The Warriors (1979):
The Plot: In a vaguely “futuristic” New York, bathrobe-clad super-gangster Cyrus (Roger Hill) calls a summit to unite all of the city’s gangs in a war against the NYPD. He gets assassinated, probably because his vision was too beautiful for this world. The Warriors, a gang from Coney Island, get blamed for the killing. After their leader is beaten down by vengeful gangs, it’s up to “war-chief” Swan (Michael Beck) to lead his crew through miles of hostile territory to get back home.
I guess this is kind of a cult movie. If you know movies, or if you’re young and you’ve spent a lot of time on the internet (as I’m sure you all have), then you’ve probably come across it. A lot of you may know it from this scene, for some reason:
Out of context, that clip might be easy to laugh at. Ah, what hilariously over-the-top delivery. Let me just watch some more of The Walking Dead through these opera glasses. But a) it’s a pretty tense scene when you’re actually watching the movie, and b) where did you get opera glasses? I want a pair.
The Warriors, cult status aside, is a cool, well-directed, well-written action movie. Walter Hill’s direction is slick and confident, and Andrew Laszlo’s cinematography creates some really striking visuals. New York in this film—and also in the 70s, I suppose—is a desolate, rain-soaked wasteland. Don’t get me wrong, the film isn’t the kind of over-the-top gritty you’ll find in most things gang-related. The Warriors is an action movie, to be sure, but one that’s grounded in reality. Don’t expect any ridiculous stunts, cheesy one-liners, or shaky camerawork. Well, I’m sold.
The characters may not change much, but the gang members all feel like real people. The actors give very natural performances, and the script, by Walter Hill and David Schaber, never overdoes the tough guy talk. Swan in particular makes for a compelling character. He’s kind of an old school leader figure. Doesn’t talk too much, only fights when he needs to. He’ll defend his war-chief status if need be, but he’s most interested in getting his men home safely. I did some research—blogging is a serious business—and apparently, the novel that the film is based on draws from Xenophon’s Anabasis, the autobiographical story of some Greek soldiers making their way through hundreds of miles of hostile Persian territory after a failed campaign. So that’s neat. I’m too lazy to verify it, but I’d believe that the screenwriters had read up on their epic poetry, or at least their history. Like I said, Swan is old school.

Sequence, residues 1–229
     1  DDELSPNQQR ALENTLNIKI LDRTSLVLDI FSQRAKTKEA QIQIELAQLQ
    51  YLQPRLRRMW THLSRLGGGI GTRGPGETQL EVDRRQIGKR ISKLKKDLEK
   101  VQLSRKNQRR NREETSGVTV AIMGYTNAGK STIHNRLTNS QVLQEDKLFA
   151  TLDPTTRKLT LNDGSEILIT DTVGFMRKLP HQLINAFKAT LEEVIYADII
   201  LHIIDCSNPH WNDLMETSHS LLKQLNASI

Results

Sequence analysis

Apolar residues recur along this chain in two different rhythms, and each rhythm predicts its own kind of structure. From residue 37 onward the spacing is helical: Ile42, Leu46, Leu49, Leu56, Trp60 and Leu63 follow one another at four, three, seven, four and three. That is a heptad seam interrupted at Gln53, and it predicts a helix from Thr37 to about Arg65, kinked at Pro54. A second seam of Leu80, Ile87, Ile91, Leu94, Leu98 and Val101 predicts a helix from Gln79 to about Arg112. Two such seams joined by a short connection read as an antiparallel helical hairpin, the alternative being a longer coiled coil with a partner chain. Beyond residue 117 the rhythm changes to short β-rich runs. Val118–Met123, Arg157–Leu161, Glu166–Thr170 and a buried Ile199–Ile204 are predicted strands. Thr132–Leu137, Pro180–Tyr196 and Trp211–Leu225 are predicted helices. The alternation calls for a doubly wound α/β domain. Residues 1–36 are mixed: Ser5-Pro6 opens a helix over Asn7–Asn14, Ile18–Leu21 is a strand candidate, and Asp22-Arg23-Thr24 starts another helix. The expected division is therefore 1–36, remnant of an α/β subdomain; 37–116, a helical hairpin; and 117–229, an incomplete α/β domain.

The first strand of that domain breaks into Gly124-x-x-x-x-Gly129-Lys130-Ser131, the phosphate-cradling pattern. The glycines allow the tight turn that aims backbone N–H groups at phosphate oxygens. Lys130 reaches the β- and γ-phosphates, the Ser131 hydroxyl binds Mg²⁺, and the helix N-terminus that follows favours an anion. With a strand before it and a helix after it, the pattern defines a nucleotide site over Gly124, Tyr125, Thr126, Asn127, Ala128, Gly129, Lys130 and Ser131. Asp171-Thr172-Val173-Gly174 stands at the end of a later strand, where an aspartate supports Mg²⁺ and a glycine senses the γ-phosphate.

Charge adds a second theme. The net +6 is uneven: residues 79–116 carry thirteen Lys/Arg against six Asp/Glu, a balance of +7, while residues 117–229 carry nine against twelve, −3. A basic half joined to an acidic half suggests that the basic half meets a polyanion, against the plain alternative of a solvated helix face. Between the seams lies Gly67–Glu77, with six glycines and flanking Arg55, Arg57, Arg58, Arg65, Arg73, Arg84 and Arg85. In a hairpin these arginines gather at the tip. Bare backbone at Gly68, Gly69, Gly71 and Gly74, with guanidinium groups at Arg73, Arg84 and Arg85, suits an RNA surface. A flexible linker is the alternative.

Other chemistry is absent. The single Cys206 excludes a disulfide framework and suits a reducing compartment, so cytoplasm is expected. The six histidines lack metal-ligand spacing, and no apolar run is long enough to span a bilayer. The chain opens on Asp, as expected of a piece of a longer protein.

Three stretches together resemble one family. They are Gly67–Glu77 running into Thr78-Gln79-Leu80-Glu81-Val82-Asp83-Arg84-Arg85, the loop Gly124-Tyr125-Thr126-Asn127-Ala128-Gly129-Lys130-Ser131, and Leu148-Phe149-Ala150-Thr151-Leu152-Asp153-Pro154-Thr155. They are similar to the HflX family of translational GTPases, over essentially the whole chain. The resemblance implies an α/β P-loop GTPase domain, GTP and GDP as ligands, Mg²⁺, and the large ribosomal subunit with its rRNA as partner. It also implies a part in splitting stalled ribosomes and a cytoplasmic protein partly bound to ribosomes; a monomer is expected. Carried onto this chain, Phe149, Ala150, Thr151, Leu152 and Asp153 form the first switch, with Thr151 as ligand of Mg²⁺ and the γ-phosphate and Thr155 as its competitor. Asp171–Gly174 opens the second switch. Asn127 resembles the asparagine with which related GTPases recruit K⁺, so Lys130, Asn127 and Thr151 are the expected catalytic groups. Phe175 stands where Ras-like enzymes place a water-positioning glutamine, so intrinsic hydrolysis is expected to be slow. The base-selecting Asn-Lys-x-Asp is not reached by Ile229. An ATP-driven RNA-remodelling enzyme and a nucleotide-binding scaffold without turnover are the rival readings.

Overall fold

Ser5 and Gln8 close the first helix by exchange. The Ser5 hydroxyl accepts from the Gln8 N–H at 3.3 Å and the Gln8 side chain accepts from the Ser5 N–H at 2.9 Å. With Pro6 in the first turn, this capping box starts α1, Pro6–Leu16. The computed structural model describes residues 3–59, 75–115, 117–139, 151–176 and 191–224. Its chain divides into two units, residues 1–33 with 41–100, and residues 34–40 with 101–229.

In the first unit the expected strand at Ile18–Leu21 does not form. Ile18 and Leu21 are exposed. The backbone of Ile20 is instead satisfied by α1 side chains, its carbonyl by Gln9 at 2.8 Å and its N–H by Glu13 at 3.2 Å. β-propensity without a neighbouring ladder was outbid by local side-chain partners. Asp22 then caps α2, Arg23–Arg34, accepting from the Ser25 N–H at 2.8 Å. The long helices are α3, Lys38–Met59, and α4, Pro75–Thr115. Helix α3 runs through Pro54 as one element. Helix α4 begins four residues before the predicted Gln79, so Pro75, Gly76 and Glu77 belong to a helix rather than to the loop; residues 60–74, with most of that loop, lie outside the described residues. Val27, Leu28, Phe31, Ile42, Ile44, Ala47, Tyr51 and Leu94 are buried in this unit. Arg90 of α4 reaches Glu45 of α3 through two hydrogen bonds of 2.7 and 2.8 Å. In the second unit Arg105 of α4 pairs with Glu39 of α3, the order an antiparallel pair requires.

Oh, and when I said that the gang members felt like real people, I was mainly referring to members of the Warriors.
Which brings me, I suppose, back to the film’s style. Some of the gang outfits might seem kind of ridiculous, like the Furies’ baseball attire, or whatever’s going on with these guys:
Somehow, though, all the makeup and leather vests—which, it must be said, look pretty cool when you have a six-pack—don’t detract from the film’s darker tone. Hill and co. take the material seriously. Right from the opening sequence introducing the Warriors and showing the different gangs going to the summit, there’s never a moment where you’re not totally invested in the action, unless you suck. But you can’t really fault the filmmakers for that. That one’s on you.
To conclude, ladies and gentlemen, this film has an excellent script, strong lead performances, and a bitchin’ soundtrack. Can you dig it? I rather suspect that you can.
2 thoughts on “Netflix Review: ‘The Warriors’”
I’ll verify for you! This is indeed loosely based on Xenophon, though why no one has ever tried a straight adaptation of that is beyond me. It’s awesome.
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